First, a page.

Björn Ulvaeus keeps up pressure on illegal file downloaders

Björn paid a visit to EU Commissioner Neelie Kroes, responsible for the Digital Agenda in Europe. Ms. Kroes was quoted saying: "It was a gloomy message." It was also reported that the Commissioner was not surprised at receiving such a famous guest. In her previous role at the European Commission, when she was responsible for competition, she had met the likes of Mick Jagger and Steve Jobs.

Björn and CEOs from the music industry visit the EU

Björn and CEOs from the music industry visit the EU to take on the illegal file downloaders

Thanks to Wybe for the information.

 

9 Replies to “Björn Ulvaeus keeps up pressure on illegal file downloaders”

  1. I?m still getting used to Cds , never mind down loads ,

    I do think though that You tube is probably more damaging to the music industry,
    As its one gigantic jukebox.

  2. I absolutely agree with Bjorn. I know his music has made him rich. So what? He’s extraordinarily talented and he’s worked very hard.

    As to YouTube, I’m of two minds. If you just want freebies, it’s not so good. But it’s great for sampling music. If the goal is to find stuff there you like and then buy it through legitimate channels. great. And sometimes you find music there that’s not available anymore. For instance, I’ve been trying to find where I can buy the Hep Stars’ "Sound of Eve." Until I do, I’m happy it’s on YouTube.

  3. John – I so agree with you on that point. It would be miles more effective if, say, Agnetha was making the statement !!

  4. Many recording companies don’t seem to get it. You Tube is a social network that enables human interaction. It’s in everyone?s DNA to socialize. You Tube is the conduit and the artist of choice is the tool for the social connection. You Tube is a tremendous marketing tool for all artists. I heard "Story of A Heart" on You Tube and I knew I had to have it. So I purchased the cd because the ABBA bloodline was all over that song. There may be many illegal downloads I’m sure, but what You Tube has done for ABBA I believe you’ll find is nothing short of a miracle for recording sales. It’s a two edged sword, maybe a middle of the road approach could be a solution.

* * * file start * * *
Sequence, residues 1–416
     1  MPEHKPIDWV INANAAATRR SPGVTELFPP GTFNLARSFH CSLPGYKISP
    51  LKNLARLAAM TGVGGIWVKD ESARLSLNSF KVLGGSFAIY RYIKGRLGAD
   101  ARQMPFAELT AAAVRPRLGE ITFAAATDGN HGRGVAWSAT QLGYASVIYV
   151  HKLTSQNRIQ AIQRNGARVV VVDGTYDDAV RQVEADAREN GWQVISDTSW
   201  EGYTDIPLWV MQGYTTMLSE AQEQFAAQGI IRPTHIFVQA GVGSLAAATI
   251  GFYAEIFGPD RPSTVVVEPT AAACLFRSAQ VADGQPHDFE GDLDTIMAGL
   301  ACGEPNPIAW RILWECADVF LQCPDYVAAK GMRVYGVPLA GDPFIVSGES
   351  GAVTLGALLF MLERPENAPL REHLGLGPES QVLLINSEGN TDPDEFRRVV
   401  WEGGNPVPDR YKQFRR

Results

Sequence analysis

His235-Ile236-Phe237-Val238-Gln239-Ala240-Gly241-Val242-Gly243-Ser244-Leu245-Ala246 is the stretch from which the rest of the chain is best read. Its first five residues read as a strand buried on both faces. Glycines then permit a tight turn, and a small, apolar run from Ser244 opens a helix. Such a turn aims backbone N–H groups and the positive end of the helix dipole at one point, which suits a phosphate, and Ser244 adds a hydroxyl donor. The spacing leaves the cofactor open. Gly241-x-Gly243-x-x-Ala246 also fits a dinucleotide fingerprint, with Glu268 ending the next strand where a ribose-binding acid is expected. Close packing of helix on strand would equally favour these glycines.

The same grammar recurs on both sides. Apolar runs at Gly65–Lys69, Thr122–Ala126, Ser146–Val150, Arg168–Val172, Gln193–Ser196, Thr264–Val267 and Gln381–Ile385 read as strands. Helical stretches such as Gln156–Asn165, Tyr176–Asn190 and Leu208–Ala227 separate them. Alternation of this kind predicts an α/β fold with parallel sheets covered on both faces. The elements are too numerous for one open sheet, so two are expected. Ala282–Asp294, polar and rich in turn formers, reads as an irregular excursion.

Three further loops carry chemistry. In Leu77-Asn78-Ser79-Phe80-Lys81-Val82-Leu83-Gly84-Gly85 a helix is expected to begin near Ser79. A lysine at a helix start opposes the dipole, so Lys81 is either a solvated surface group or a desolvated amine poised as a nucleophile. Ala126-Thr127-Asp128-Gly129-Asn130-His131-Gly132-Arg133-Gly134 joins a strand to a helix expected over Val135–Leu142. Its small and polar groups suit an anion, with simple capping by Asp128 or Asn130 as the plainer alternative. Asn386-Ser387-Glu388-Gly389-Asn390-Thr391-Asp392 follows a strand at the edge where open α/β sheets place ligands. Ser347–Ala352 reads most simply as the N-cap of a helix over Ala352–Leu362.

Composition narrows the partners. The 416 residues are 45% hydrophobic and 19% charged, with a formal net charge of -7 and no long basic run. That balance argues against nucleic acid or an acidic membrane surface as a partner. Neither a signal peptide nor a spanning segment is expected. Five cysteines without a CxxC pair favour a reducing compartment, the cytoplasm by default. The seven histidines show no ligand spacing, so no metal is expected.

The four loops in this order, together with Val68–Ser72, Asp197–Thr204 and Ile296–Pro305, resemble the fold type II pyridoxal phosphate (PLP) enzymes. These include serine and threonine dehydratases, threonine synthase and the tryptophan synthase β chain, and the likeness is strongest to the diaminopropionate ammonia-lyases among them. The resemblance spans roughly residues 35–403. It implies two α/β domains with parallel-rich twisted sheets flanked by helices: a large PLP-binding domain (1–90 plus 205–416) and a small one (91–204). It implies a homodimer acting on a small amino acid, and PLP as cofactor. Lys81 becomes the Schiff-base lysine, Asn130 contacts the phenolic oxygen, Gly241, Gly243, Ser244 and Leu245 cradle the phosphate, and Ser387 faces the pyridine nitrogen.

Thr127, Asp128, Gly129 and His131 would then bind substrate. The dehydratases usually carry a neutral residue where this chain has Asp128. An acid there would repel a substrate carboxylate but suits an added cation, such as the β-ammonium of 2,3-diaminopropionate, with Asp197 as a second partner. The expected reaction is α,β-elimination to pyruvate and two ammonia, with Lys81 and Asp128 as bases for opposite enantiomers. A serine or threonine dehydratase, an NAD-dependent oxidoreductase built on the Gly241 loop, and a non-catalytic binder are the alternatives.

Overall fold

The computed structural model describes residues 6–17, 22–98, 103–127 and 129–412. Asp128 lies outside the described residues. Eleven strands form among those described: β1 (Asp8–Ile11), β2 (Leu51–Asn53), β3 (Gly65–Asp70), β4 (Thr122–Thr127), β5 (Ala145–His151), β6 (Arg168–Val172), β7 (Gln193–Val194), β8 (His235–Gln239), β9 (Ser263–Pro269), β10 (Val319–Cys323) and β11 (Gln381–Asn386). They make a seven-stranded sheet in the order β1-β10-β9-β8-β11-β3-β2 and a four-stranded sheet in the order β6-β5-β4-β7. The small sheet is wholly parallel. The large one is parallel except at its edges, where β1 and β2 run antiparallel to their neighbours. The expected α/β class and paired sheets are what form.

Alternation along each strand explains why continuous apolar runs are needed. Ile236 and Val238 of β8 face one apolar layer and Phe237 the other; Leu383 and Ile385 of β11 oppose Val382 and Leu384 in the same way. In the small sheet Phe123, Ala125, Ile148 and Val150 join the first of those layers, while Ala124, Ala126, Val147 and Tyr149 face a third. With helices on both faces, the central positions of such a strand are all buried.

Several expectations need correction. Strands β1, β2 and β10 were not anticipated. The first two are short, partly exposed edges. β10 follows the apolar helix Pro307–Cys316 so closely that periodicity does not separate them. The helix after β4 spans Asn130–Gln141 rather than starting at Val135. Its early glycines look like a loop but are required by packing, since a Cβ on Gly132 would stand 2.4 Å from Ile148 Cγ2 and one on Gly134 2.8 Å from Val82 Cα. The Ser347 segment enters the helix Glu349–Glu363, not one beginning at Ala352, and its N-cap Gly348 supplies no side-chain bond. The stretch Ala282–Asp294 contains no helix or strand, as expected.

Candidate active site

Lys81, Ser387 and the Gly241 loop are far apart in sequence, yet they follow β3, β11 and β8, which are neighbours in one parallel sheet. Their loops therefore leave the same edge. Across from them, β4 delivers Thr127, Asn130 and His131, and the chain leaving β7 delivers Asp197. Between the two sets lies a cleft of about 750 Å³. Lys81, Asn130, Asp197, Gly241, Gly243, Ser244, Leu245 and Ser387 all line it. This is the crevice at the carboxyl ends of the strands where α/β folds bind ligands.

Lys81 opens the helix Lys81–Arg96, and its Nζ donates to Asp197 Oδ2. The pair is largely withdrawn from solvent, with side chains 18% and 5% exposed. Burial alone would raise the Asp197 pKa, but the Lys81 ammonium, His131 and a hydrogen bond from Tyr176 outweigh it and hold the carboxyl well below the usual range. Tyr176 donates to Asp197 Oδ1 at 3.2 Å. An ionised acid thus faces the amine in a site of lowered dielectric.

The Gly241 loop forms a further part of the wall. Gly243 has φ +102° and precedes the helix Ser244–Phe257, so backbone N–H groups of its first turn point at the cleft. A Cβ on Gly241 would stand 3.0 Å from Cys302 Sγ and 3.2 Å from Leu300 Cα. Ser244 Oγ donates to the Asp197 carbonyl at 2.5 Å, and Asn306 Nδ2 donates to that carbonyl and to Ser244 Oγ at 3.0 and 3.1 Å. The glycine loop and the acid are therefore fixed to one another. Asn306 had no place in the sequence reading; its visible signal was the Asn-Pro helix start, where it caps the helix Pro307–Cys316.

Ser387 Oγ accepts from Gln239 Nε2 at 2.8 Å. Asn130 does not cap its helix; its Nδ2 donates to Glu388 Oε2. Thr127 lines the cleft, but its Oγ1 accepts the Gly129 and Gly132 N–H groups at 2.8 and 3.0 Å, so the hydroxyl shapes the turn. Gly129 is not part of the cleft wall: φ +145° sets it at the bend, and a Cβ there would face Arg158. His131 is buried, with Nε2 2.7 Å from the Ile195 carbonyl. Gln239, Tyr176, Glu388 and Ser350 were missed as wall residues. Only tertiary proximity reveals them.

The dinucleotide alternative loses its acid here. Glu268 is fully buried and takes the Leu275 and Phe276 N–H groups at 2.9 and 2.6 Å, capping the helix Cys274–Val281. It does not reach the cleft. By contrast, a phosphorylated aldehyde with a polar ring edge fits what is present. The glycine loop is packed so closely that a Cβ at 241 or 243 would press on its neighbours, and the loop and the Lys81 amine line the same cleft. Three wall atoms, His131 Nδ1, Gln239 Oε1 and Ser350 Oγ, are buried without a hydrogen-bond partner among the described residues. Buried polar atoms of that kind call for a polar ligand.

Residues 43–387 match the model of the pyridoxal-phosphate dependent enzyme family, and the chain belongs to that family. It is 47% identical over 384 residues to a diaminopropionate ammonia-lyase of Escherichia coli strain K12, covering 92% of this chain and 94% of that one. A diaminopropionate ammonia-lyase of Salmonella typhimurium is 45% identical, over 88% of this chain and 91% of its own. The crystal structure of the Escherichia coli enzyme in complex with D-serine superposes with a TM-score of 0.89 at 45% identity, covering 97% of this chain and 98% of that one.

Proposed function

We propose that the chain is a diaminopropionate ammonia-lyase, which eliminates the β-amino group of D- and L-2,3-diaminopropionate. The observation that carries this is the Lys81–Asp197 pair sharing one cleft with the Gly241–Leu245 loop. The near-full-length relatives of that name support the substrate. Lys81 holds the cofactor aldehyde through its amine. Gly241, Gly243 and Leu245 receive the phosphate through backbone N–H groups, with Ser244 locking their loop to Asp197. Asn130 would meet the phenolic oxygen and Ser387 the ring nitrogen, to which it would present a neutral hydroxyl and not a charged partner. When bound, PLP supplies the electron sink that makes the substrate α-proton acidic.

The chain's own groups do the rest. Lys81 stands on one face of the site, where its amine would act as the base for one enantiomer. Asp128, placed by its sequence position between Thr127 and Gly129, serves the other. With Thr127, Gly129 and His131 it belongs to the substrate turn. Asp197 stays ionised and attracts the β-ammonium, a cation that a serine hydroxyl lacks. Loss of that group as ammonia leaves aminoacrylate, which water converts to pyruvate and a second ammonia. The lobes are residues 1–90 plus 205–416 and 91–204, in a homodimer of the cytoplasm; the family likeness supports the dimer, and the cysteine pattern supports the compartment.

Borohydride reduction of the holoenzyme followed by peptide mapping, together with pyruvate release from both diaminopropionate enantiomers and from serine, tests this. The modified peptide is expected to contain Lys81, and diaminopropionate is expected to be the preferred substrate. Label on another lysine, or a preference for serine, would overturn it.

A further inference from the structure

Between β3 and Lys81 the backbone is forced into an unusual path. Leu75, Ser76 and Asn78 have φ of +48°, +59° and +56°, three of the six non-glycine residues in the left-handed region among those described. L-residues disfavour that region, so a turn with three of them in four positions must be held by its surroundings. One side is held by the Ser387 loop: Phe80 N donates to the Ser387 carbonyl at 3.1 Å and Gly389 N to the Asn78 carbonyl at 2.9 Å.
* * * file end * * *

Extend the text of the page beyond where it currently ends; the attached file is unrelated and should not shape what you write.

5. I also agree. I think that what is forgotten/conveniently-overlooked is that an artist’s work is their income. And unless anyone volunteers their work for free, then they should be paid, regardless of wealth.

    I assume that all of us who work (or want to work) would also expect to be paid for the work that we do; so why should creative people be discriminated against getting an income?

  6. I totally agree, I work in the needlework industry and it is impossible now to make a living due to file sharing. I do however have to support Youtube. I would not have discovered BAO without Youtube or Chess pa Svenska and have since bought albums and the DVD because of it. I also have a long wish list that I will buy when I can.

  7. I am a fan of the Dutch band Maywood (inspired by Abba) and I have a problem: I cannot get their albums legally in the Czech Republic. So I downloaded them. I did buy a 2CD compilation though because I wanna support them. But then in some cases the download is the only chance to get some music. By the way, downloading in the Czech Republic is not illegal, while sharing is. But back to Maywood – the moment iTunes or Google play release their albums, I will buy them.

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